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F-5E-2-LO from P-38J?

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Hi All,


I know that Tamiya has not yet even released their new P-38J variant, so this question is probably way too premature.  However, I'm taking a shot that knowledgeable P-38 people might have an answer.  Does anyone know what would have to be changed on a P-38J in order to make it into a photo recon F-5E-2-LO variant?  I can hardly wait for the 'J' variant to arrive so I can build a number of super famous P-38s in natural metal finish.  But I've come upon some older references to the recon variants that were done in a spectacular looking azure blue livery along with some red accents (spinners, etc.), and that would end up being an incredible addition to my forthcoming 'fleet' of P-38s!!  Does anyone know what details would need to be added/changed/deleted to update a J variant to the photo recon F-5E-2-LO?  Would such a modification be too hard to be practical?  Thanks in advance for anyone's expertise!  🙂

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1 hour ago, Rob Mignard said:

Curt, give me a call; I can help you.



Will do, my friend...don't know why I just don't always come to you first!!!!  😃

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It looks like a fairly simple task to convert any of the Tamiya P-38's to an F-4/F-5 configuration (assuming the same fuselage is used for both the F/G/H and J-L kits) The good news is that the original F-4 through the F-5E use the same basic nose shape; the differences are in the window shapes and locations. Also, most of them were converted from P-38 airframes (Hooray!) which will greatly simplify converting the model. The easiest method will probably be to use the Academy F-5E nose (with has blisters; which are correct for the F-5E). The shape of the Academy nose appears to be "right-on," It will, however, probably take some minor fitting and reshaping to fit onto the Tamiya kit. Making an earlier version than the E is then an exercise in cutting and filling; which should be in most modelers skill set. Windows will need to be shaped, fitted, and polished (which again, should be in most modelers skill set). The Monogram/Revell nose won't work because the curve of the doors doesn't match the Tamiya kit. Also, you could carve or cast your own if you're so inclined.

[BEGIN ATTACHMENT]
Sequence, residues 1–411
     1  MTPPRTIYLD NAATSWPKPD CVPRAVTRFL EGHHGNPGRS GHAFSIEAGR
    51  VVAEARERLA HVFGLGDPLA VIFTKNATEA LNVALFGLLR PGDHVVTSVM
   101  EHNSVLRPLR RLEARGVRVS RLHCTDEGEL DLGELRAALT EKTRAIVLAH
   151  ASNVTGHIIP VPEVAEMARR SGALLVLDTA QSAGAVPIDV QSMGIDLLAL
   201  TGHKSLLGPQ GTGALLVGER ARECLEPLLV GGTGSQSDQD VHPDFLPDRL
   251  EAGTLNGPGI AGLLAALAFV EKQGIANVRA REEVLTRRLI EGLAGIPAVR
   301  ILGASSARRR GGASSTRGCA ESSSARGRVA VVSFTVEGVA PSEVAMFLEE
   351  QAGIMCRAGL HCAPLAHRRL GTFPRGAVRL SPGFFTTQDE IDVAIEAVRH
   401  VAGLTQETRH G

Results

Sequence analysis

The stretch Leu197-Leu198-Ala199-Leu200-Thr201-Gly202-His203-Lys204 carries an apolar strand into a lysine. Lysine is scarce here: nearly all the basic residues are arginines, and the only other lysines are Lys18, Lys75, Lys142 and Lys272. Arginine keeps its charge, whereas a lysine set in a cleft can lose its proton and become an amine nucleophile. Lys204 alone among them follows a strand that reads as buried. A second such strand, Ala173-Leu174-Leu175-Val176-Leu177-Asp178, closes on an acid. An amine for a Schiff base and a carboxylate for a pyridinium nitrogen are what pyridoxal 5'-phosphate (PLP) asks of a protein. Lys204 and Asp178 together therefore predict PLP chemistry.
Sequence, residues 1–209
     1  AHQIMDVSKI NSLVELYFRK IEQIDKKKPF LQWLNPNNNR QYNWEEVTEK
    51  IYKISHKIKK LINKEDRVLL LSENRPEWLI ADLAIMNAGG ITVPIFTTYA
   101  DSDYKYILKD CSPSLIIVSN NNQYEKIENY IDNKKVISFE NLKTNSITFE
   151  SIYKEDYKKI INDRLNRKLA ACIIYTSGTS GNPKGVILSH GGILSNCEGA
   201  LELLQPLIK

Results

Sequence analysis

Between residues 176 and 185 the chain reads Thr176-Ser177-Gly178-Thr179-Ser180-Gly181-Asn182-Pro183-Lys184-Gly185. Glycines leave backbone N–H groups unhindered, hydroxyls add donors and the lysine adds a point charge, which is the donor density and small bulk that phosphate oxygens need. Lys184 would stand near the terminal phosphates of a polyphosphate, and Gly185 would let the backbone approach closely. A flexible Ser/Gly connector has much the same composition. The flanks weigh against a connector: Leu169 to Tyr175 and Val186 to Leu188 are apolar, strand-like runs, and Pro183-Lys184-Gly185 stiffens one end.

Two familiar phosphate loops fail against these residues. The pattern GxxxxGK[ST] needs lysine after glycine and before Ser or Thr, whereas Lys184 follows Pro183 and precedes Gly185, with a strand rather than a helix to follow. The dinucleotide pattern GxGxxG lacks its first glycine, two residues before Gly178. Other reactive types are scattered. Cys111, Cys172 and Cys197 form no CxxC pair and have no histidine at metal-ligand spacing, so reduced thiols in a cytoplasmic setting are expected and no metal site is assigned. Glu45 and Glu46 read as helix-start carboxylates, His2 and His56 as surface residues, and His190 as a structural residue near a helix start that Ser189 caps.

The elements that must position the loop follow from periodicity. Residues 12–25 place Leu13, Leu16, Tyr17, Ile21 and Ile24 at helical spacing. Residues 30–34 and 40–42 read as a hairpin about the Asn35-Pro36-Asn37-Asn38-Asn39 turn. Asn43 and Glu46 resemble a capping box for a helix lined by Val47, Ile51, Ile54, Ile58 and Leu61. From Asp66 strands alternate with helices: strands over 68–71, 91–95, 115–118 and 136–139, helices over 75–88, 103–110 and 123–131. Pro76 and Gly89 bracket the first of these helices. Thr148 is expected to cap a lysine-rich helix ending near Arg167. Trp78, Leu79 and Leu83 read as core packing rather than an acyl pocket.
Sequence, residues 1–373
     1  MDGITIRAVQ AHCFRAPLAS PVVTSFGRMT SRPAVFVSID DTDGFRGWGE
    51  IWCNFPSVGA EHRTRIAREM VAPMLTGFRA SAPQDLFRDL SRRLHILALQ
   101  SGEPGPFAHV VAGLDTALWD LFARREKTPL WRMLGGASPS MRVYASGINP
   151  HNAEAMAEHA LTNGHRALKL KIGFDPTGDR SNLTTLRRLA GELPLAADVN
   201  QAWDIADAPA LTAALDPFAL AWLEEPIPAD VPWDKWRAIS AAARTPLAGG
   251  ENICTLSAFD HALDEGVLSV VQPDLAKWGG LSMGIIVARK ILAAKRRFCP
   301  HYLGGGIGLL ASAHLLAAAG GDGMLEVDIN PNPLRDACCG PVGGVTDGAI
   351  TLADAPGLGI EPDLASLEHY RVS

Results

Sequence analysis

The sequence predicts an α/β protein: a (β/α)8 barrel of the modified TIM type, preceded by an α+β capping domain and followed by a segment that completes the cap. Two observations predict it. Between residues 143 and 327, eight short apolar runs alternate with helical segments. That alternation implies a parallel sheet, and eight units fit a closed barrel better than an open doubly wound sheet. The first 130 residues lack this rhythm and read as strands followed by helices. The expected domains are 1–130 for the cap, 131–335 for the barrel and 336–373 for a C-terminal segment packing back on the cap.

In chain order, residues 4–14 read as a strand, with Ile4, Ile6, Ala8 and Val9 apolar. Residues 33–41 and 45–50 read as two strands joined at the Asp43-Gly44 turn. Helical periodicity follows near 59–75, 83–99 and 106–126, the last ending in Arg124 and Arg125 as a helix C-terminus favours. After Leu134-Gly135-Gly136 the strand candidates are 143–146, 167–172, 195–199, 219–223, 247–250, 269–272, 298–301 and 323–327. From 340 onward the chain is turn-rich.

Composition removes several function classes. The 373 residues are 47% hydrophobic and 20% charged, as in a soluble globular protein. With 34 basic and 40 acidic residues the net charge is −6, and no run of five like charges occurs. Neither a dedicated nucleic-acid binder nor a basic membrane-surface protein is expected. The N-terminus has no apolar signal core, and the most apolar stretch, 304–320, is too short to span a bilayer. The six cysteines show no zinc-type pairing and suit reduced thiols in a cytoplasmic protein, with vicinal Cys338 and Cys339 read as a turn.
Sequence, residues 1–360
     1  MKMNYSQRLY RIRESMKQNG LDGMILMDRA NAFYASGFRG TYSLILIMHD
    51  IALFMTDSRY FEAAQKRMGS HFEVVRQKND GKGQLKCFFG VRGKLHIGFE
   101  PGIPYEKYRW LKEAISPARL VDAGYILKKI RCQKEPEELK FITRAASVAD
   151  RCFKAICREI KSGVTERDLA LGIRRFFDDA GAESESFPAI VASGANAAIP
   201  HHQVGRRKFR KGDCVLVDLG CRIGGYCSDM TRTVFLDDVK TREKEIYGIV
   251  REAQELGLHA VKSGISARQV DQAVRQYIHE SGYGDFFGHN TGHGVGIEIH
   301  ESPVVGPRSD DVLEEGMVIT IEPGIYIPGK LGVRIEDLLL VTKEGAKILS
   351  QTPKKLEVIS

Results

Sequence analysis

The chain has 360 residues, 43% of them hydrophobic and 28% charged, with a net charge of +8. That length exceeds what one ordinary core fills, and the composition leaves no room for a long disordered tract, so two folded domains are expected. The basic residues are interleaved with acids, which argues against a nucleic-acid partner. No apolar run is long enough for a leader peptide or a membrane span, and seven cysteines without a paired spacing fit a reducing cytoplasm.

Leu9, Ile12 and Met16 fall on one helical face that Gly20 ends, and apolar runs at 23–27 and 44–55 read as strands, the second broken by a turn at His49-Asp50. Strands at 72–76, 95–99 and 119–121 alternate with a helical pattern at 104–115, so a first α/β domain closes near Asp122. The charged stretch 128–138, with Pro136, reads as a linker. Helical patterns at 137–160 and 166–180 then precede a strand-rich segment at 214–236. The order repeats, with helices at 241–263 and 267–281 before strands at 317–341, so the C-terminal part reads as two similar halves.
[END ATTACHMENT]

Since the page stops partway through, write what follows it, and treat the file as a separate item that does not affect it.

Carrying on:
I highly recommend the Mushroom Models Publications "Lockheed P-38 Lightning, Early Versions," and "Lockheed P-38 J-L Lightning." They have scale drawings and photographs of all of the photo versions.


I'm interested in making this conversion and will use the Academy nose.


Hope this helps. 



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On 4/4/2022 at 8:26 PM, Curt B said:

But I've come upon some older references to the recon variants that were done in a spectacular looking azure blue livery along with some red accents (spinners, etc.), 

Probably not painted in Azure Blue (which was a essentially a Mediterranean use colour) but it could have been PRU blue (which is the UK colour, and completely different colour to Azure Blue) or Haze Blue (US colour) supposedly different from one another, here's a quote lifted from Dana Bell -


"Here's a bit of clarification on the Haze Paints.  The original Cabot Haze was applied over a  totally black base coat.  The heavier applications of Haze to undersides resulted in a very light blue, while the lighter applications on top gave a much darker blue.  The vertical surfaces in between were graded from light applications down to dark.  Since accurate applications were nearly impossible to measure, there was a great deal of variation the the appearance of these aircraft, and as the slipstream and maintenance crews wore away layers of paint, the entire aircraft began to darken (particularly noticeable on leading edges).  The scheme was also very difficult to to retouch.